(Update: Well, that didn't take long to organize the "unity" event with Elaine & Cal that's mentioned below. It's on Wednesday — today — at 1 pm at the state Democratic HQ, 220 Hillsborough Street in Raleigh. The world is invited.]
For the second time, Secretary of State Elaine Marshall was a decisive winner in the Democratic primary for U.S. Senate. The first time, in May, she fell short of the 40 percent mark in a six-candidate field. This time, in a runoff against Cal Cunningham, she wins by a solid 60-40% margin. Election results are here: turnout was a dismal 4.5 percent.
The upshot of Cunningham's insistence on a runoff may be seven weeks wasted for the Democratic nominee. On the other hand, Marshall emerges from it as a stronger figure than she was in May and with a clear message about herself: If elected, she'll devote herself to "defending the interests of the people over the big corporations."
One red herring that should be dispelled: Cal Cunningham did not really run a negative campaign, despite what a lot of the media conveyed in their effort to make Marshall vs. Cunningham sound like the Battle of the Marne. Cunningham was generally positive except for a few digs at Marshall as a career officeholder. He drew no blood, nor did Marshall feel any need to come back at him. As a consequence, they had an amicable conversation tonight, according to Marshall, with Cunningham pledging his "complete support in every aspect of the campaign going forward." She told me that she and Cal and, for that matter, the third-place finisher in May, Durham lawyer Ken Lewis, who is now Marshall's campaign chairman, will hold a unity event in a few days — or as soon as they can put one together.
Marshall is drawing national political headlines as an "insurgent" victor against the Democratic establishment, and that can't hurt.
She couldn't help but mention that, having once beaten Richard Petty for the Secretary of State's job, she has now vanquished the "Washington establlishment" in the form of the Democratic Senatorial Campaign Committee, which backed Cunningham.
According to Marshall's campaign director Thomas Mills, U.S. Senate Majority Leader Harry Reid was on the phone to Marshall within minutes of the race being declared for her. Reid, Mills said, promised that the Democratic apparatus will now go all out for Marshall.
Marshall enters the race against Republican incumbent Richard Burr, a one-term senator with an unalloyed record of conservatism, as a distinct underdog. But Burr's vulnerability is obvious as a card-carrying member of the Senate's filbuster-happy minority with favorability ratings of 50 percent or less in the polls.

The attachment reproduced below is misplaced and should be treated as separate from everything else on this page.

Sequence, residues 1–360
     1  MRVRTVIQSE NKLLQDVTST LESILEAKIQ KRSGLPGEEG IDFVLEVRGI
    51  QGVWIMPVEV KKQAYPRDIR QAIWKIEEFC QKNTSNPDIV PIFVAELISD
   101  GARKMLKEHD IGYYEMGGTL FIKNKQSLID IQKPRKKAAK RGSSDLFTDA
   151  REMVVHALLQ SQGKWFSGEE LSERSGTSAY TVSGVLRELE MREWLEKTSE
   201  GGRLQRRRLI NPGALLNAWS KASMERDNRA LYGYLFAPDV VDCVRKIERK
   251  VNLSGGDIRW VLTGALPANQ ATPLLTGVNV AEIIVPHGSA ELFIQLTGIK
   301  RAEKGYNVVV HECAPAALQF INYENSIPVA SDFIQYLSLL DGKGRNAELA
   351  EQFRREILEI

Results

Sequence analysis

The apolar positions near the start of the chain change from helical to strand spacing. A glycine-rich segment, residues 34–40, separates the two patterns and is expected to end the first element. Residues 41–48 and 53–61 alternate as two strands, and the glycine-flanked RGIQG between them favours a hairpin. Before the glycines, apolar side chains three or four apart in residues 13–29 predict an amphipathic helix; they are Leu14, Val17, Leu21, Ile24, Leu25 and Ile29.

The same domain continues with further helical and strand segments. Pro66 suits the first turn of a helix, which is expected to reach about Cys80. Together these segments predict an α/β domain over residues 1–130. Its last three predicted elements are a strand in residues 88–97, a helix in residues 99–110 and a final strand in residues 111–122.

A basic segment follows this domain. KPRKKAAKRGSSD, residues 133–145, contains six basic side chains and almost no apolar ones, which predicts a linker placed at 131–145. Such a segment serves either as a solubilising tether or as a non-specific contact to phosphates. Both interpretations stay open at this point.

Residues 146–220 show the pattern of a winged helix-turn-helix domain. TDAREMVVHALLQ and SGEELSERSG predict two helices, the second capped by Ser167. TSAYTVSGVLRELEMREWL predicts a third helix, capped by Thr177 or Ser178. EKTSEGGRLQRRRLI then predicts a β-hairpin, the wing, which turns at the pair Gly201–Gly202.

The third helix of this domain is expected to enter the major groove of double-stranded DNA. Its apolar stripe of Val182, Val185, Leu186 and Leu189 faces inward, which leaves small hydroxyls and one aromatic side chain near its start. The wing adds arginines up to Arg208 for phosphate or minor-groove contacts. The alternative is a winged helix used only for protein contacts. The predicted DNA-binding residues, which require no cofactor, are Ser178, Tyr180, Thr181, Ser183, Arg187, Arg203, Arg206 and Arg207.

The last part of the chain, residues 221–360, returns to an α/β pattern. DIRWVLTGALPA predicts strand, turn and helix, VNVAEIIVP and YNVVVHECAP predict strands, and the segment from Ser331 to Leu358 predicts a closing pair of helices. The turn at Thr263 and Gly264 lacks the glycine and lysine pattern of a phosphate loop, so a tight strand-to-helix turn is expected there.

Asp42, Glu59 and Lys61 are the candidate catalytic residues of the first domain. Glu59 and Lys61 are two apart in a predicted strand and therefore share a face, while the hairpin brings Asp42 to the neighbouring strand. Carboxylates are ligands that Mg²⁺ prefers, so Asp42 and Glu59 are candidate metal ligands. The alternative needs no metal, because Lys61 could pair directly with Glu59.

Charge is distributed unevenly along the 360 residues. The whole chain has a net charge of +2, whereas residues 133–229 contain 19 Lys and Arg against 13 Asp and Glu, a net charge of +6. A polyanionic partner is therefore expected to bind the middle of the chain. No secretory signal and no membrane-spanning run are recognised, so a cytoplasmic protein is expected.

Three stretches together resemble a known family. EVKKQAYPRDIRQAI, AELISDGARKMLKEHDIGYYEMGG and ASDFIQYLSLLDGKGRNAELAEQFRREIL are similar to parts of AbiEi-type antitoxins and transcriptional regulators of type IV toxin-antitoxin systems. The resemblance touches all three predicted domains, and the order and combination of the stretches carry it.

If Marshall can take the campaign to Burr as a senator who only represents the special interests — like Wall Street, BP (Burr said he wouldn't criticize BP) and the insurance companies who fought health-care reform with the GOP at their backs — she may be able to close the gap.
it doesn't look like a Democratic year right now, of course. But June isn't November, and if there's one party that's less popular with the electorate than the Democrats, why, it's the Republicans!
Randall, a Tea Party type, seemed to benefit from charges made by Reeves that he plagiarized his platform, as well as from his own wild speculations about BP and the federal government colluding to cause an oil-rig blowout in the Gulf. Republicans were in no mood for an orthodox candidate who played by the usual rules (you know, stick to the facts, use your own words). They preferred Randall, a candidate whose paranoia about government runs deep. (Deeper than Reeves' paranoia, you ask? Hard to believe, but yes.)
Oddly, Randall will be the second ultra-right wing African-American Republican in a row to challenge incumbent Democrat Brad Miller in the fall. Miller had no trouble two years ago defeating the hyperbolic Vernon Robinson. That was in '08, a big Democratic year, and '10 may not be. And Randall is no Vernon Robinson. He may, in fact, be more far-out.